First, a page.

More trouble for an Omaha man arrested for his fourth DUI offense. Not only was he busted for driving over the limit, he was also arrested for not using a device that would help keep the public safe while he's on the road.
Most of us just get in our vehicles, start the engine and drive, but if you've had your license suspended for drinking, starting your vehicle can be a little more difficult.
Ignition interlock devices give suspended drivers another chance to get behind the wheel. It’s like taking a breathalyzer test every time you drive and where you drive is limited.
At 1:15 a.m. Wednesday, police noticed a car driven by Josuha Wheeler making an improper turn at the intersection of 42nd and Center, so he was pulled over. Wheeler had an ignition interlock device requirement on his driver’s license, but he didn’t have the device on the car he was driving.
The police knew that the minute Wheeler surrendered his license. “Looks like a regular driver’s license, the difference is it’s got a purple strip across it on the back,” says Katie Parys of LifeSafer. “Our restrictions are listed, such as school, work, probation activities.”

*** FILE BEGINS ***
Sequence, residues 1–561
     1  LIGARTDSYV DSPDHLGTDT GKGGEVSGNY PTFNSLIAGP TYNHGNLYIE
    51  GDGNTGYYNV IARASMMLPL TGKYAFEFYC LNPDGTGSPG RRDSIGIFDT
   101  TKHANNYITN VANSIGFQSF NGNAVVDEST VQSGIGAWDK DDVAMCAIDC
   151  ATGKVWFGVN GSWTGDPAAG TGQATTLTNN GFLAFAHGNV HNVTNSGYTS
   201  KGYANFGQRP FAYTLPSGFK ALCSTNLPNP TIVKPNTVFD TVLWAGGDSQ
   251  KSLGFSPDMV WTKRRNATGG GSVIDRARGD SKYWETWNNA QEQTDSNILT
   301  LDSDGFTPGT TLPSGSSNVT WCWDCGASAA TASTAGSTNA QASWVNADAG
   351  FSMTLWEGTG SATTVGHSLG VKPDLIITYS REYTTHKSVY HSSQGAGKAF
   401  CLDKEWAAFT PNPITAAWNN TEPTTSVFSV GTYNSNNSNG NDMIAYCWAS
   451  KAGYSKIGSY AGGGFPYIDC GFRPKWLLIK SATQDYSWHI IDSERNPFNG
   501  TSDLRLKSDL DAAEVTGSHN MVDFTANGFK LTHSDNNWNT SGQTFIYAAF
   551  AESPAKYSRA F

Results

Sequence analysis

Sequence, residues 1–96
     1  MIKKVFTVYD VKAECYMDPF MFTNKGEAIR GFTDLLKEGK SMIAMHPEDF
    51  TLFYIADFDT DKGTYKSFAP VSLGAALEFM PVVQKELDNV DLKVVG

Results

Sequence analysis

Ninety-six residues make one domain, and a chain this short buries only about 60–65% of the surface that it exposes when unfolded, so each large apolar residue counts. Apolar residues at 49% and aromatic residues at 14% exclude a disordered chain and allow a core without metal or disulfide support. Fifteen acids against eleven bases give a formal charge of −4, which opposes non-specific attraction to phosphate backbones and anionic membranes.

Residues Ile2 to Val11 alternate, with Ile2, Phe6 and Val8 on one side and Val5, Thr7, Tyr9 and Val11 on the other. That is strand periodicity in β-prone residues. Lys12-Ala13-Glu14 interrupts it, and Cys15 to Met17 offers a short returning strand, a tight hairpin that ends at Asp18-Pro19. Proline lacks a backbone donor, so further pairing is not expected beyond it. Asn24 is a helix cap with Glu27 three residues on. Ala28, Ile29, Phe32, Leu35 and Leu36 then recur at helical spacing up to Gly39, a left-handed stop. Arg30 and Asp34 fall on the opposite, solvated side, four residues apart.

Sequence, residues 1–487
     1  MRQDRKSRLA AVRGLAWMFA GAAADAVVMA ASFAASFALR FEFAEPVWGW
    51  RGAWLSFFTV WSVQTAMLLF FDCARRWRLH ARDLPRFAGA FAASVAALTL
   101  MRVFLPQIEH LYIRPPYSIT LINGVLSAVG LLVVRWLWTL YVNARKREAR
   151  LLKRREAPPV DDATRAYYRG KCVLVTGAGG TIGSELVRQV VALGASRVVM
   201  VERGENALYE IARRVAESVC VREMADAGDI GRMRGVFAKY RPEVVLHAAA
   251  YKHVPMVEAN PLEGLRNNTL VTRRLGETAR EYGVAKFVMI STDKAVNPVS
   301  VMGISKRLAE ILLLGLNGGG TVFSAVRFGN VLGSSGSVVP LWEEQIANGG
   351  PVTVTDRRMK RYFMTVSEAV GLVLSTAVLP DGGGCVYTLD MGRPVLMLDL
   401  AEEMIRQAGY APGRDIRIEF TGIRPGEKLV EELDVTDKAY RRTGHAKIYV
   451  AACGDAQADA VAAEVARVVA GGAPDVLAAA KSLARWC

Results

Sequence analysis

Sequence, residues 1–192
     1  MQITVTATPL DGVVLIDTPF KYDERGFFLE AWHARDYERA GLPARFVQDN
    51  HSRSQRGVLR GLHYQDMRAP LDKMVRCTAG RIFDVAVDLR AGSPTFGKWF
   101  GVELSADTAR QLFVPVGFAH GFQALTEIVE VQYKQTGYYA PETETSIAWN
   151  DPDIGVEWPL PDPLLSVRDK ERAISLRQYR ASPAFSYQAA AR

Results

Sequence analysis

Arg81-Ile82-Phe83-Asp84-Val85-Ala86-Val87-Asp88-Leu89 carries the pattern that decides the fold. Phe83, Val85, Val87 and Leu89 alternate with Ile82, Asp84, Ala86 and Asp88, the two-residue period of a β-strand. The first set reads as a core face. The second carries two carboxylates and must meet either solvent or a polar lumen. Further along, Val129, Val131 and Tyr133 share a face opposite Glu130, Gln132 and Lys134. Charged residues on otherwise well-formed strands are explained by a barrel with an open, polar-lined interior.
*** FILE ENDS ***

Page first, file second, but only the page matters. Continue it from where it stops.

Parys has been installing engine interlock devices for 15 years and says it’s a felony to tamper with or violate its use. “You most likely will be seeing jail time from what we’ve seen from other clients who had this happen to them.”
Wheeler is not the first person who tried to beat the interlock system. Parys says the system works and it’s hard to get around. “Everything is recorded so if you try to do anything to beat the system when they come in we do a download, we review it and we're able to call, so we send all these reports to the DMV and their probation officers."
Ignition interlock violations can actually add time to the offender’s use of the device. Experts tell us people have been sentenced to anywhere from six months to 15 years of interlock use and the offender must pay the cost, about $65 a month.